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Miles Jacobson 'excited' with Watford's partnership with Football Manager
If you had asked 100 Watford fans which company they would most like to have as their club's shirt sponsor – if finance wasn’t a factor – then iconic computer game Football Manager would have been near the top of the list.
The Hornets’ new regime decided early on that they did not want the happy egg company as shirt sponsors and immediate set about agreeing a new deal.
In the club statement two weeks ago, Watford said they wanted to pursue “potentially lucrative shirt partnership opportunities” and while we understand the new agreement is not worth much more than the happy egg deal, the switch has been welcomed by supporters.
Football Manager, formerly Championship Manager, is one of the truely iconic computer games of the last 20 years and one of the men behind its success is a life-long Watford fan.
Miles Jacobson, who grew up in Watford, has been a season ticket holder for the majority of the last 28 years and played a huge role in the development of Championship Manager during the 90s.
He went from being a tester for Sports Interactive and a fan of the game to unofficial business advisor and then acting managing director in 1999, taking on the role permanently in 2001.
Championship Manager became Football Manager in 2004 after a split with publishers Eidos Interactive but it continued to grow, with Jacobson receiving an OBE in the Queen’s New Year’s Honours List for services to the gaming industry in 2011.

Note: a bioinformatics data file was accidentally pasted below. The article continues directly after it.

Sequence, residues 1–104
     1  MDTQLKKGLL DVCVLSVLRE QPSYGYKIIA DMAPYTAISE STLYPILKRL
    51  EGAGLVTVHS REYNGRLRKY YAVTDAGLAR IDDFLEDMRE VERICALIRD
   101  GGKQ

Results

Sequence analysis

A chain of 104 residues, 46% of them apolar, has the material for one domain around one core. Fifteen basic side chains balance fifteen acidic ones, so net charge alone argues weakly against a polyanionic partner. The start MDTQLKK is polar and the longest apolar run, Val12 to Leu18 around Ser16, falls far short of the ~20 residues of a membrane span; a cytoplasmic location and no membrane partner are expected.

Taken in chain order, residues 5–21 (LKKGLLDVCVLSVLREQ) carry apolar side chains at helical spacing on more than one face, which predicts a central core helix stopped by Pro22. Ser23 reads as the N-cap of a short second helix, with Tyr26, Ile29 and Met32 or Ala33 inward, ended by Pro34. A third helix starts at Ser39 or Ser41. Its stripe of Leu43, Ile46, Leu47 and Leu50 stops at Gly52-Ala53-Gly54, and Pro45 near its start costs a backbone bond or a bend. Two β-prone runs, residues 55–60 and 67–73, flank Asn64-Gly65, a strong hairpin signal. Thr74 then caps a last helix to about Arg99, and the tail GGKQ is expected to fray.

SEGA and the game’s creative studio Sports Interactive have been involved with Watford for several years as academy partners and sponsors of an end of season award and the scoreboard.
But the companies, who also sponsor AFC Wimbledon, were keen to reach football fans across the world and believe the extra press interest in Watford, due to the club’s takeover, may help expand the Football Manager brand in Europe.
Jacobson, who grew up in Carpenders Park between the ages of six and 18, said: “With the new deal, every time anyone in the UK or Europe sees a Watford shirt, they see our logo. So it’s no longer a local deal, but a national one with some international benefits too.
“Our partnership with AFC Wimbledon, which has been going for more than a decade, has been a great way for us to reach football fans, as well as a lot of fun for all of us to be involved with. We expect the same with Watford but with a larger audience.”
Jacobson, who is “only 40”, had spoken to Watford’s new regime a couple of days after the takeover about becoming more involved with the club but negotiations regarding sponsorship did not start until the day it was announced the happy egg shirt sponsorship was ending.
He said: “Obviously as a Watford fan, I’m very excited that we’re involved at this extended level and it’s one of the reasons we got involved with the club in the first place a few years ago, but it wasn’t the main reason. If the deal hadn’t made sense commercially, we wouldn’t have done it – I’m quite stingy like that.”
Jacobson, who is actively involved in several charities across the world, used to work in Past & Present Records in Watford and was involved in the music industry for a while before becoming involved with Sports Interactive.
He went to sixth form in St Albans and played for, and then managed, Hornets supporters’ team Watford Internet FC.
Like most sponsors, Jacobson has the option of corporate hospitality but he has stressed: “Despite our sponsorship deal, I’ll still be spending most of the home games sitting with my mates in my normal seat (in the Rookery), which I’ve had since the ground went all seater.”
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